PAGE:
Q: You received $29 million from Congressman Danny Davis for health care training. We were talking about health care disparities. Have you had a chance to reflect on that and put minorities into the pipeline?

LIGHTFOOT: So, a couple of things that we did along that line. I mentioned there were some silver linings, even in the very dark cloud of COVID. We knew that we needed to build up a community healthcare corps because I can come and knock on your door and you’re not going to answer. But if you’ve got a neighbor that you know and you trust, you’re going to open up that door. Not only are you going to open up that door, you’re going to have a conversation. And one of the biggest challenges that we faced during the first two years of COVID was getting people educated about the disease. We had to do a lot of myth busting. You may remember that a lot of Black folks said Black people can’t get COVID. The truth is the first person who died in our city was a middle-aged Black woman. We had to do a lot of work, but what we learned was we have to have troops on the ground who are trusted in the community to be able to get the message out, to be able to knock down people’s mess myths about the healthcare system and get them to be proactive about taking care of themselves. We couldn’t do that from the top down, we needed to do that at the block level. So, we hired 600 community health care workers in 2020 and mostly what they were doing initially was helping us reach out to educate, communicate, and the vast majority of them are Black and brown. I think an overwhelming number are Black. The idea wasn’t to just have 600 people that the city paid, but to get them real careers in health care and be that community healthcare force that we knew we were going to need on a going forward basis for public health. So, I think that that has been a tremendous success, but it’s given us insights that’s invaluable for us to know how we do service delivery. How do we reach people? How do we connect them up to services? We borrowed that model, if you will, from West Side United.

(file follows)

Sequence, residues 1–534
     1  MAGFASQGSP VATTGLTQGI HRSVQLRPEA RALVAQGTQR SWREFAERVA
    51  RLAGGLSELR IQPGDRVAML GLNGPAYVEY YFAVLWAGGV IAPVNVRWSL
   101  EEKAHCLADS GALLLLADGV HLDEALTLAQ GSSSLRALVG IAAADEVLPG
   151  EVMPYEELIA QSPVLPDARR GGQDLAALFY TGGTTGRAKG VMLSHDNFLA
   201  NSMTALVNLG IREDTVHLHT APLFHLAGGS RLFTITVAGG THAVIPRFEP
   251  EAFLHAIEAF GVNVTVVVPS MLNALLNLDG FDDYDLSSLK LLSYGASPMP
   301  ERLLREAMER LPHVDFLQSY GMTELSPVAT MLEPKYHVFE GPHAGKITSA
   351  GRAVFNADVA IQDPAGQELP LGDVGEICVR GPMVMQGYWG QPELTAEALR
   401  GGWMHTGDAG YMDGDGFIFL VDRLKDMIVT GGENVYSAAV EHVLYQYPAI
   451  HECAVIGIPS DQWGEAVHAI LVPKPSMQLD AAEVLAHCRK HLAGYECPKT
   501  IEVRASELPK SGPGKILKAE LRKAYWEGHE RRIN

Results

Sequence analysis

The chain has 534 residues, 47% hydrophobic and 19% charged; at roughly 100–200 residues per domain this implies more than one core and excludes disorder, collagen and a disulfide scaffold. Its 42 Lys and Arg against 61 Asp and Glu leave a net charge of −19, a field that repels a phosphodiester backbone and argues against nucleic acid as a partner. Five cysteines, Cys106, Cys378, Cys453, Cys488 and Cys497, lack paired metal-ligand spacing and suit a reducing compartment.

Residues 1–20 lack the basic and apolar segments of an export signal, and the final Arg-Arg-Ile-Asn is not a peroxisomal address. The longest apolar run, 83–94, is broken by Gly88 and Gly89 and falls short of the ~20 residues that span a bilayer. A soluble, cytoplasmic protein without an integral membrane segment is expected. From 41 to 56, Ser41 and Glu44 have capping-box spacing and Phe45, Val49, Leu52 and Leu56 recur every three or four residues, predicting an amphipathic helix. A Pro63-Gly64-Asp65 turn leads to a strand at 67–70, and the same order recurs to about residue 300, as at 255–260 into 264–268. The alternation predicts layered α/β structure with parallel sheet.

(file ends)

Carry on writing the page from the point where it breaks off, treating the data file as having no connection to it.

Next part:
Q: Do you support an elected school board?

LIGHTFOOT: I do support an elected school board. I do not support the legislation that was passed. And I’m happy to spend another succession going chapter and verse on that, not in the least of which is they don’t account for that symbiotic financial relationship between the city and Chicago Public Schools (CPS). No one’s going to continue to pay what is in excess of half a billion dollars every year to CPS if they don’t have any say in the governance of CPS. I don’t give anybody money that I don’t have some say in how that money is being spent.


Q: How much money has Chicago received in cannabis taxes? How has it been allocated?

LIGHTFOOT: We get a tiny, tiny bit of cannabis money. It is three percent. That’s a conversation for another day whether or not that’s fair. I just happen to think it’s not. We get

three percent of the revenue for cannabis, and, as you know, the cannabis industry is just exploding. What are we doing with the money? We put it right back into violence interruption and prevention. All of those dollars are going there.


Q: One thing that I am sure that is still on your list is the mental health situation. You promised to do something about mental health.

LIGHTFOOT: Seventy-seven neighborhoods as of 2022 all have free mental health services.